Changing my lifestyle and consumer habits is something I do for me and the Earth. I’m not walking around preaching to other people they need to change their habits and we all need to do our part; though I do believe this to be true, I do not have the right to push others to change if they aren’t ready to do so. It ain’t my style! With that said, I do sometimes, quietly to myself, shake my head at others’ habits and decisions when it comes to environmental business. Today’s theme: “Holiday Trash”; what gave it away?!
Yesterday was Valentine’s Day – a day I do not value or tend to celebrate, which my partner and I have agreed on; why limit celebrating love to one day a year? With Valentine’s Day comes the obligatory card, chocolates, flowers, and the pink and red purchases displayed beautifully (or tacky-ly) in every store you walk in to. It’s almost blinding, the sea of red and pink hearts and stuffed animals.
This year we were celebrating two friends’ birthdays on Valentine’s Day, and were invited for food, games, and celebration. The house was decorated; it looked lovely and I was impressed by the effort. Red and pink balloons twirled and swirled from the ceilings in clusters, around door frames, and from light fixtures. Paper streamers twisted through the air from one corner to the other, making an upside dome over our heads. Paper heart coasters, plastic heart cups, and plastic heart chandeliers surrounded us. The wooden dining table was covered in a plastic, heart-themed table cloth, and strewn across were plastic, marble-like hearts for an extra decorative touch.
We had finished eating and needed space to play some games. Someone went to clear the table; the table cloth was taken, with plastic hearts in tow, wrapped up so as not to spill the hearts, and marched to the garbage can, never to be seen again…
This was a bit of a shock to me, and it reminded me again of our single-use society. The items were purchased, the time was put in to decorate the room, and in five seconds the table cloth vanishes with fifty plastic 3D hearts in the garbage can and is never used again. Next year they might be re-purchased, and thrown “away” again. I thought about how many people would be doing the same thing. How many of us actually fold up the items carefully, put them in a box, and use them again the year after? Probably not many, as many of us do not have the space to store all of our holiday items. I started thinking about reusable alternatives.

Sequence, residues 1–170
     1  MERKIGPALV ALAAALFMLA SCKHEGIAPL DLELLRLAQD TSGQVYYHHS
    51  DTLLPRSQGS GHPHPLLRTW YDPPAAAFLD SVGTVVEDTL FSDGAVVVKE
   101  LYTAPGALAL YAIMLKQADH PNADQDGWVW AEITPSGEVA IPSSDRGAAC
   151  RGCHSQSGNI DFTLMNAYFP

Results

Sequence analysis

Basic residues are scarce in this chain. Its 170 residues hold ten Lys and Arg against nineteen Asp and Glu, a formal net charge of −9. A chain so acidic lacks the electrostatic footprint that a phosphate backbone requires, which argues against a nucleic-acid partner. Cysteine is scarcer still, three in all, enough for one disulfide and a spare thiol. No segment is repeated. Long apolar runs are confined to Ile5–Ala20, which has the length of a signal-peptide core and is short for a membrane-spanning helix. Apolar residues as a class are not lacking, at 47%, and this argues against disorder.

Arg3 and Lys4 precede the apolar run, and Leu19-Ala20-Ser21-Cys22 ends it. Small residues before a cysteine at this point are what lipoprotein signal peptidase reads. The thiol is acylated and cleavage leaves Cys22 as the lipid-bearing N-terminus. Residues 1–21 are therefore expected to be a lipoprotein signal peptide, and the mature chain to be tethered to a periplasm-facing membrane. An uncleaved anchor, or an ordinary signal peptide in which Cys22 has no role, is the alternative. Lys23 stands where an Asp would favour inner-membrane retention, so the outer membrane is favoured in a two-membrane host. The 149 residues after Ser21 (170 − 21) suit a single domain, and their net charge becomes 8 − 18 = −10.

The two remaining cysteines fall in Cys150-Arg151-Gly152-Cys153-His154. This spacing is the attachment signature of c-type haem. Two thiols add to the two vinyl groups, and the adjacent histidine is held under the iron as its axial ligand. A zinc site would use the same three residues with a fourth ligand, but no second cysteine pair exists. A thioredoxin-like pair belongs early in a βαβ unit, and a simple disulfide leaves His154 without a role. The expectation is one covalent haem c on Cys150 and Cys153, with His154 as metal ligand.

Part of my Zero Journey has been to refuse a lot of these single-use items that would contribute to our landfill and the millions of microplastic particles floating around in our water sources, damaging our ecosystems, and polluting the planet. The thing is, garbage doesn’t go “away”. It just goes somewhere else. Out of sight, out of mind. Our garbage is taken outside, and taken away by the garbage pick-up guys. We don’t see it again. We think it has gone away. But the beautifully poisonous thing about plastic is that is doesn’t break down – it only breaks apart, into teeny, tiny particles that seep into our groundwater and other sources. It’s a scary thought. Have you ever heard of the Great Pacific Garbage Patch? It’s basically a floating island of garbage, namely plastics, floating around in our oceans. We are contributing to this. The world is one big circle of connected systems, and everything we do affects some part.
That is my rant! Every day I am practicing my creativity and trying to come with happier and healthier alternatives to our single-use, plastic creations, that are so prevalent in our daily life. Please do post your ideas on sustainable, reusable ideas for holiday decorations.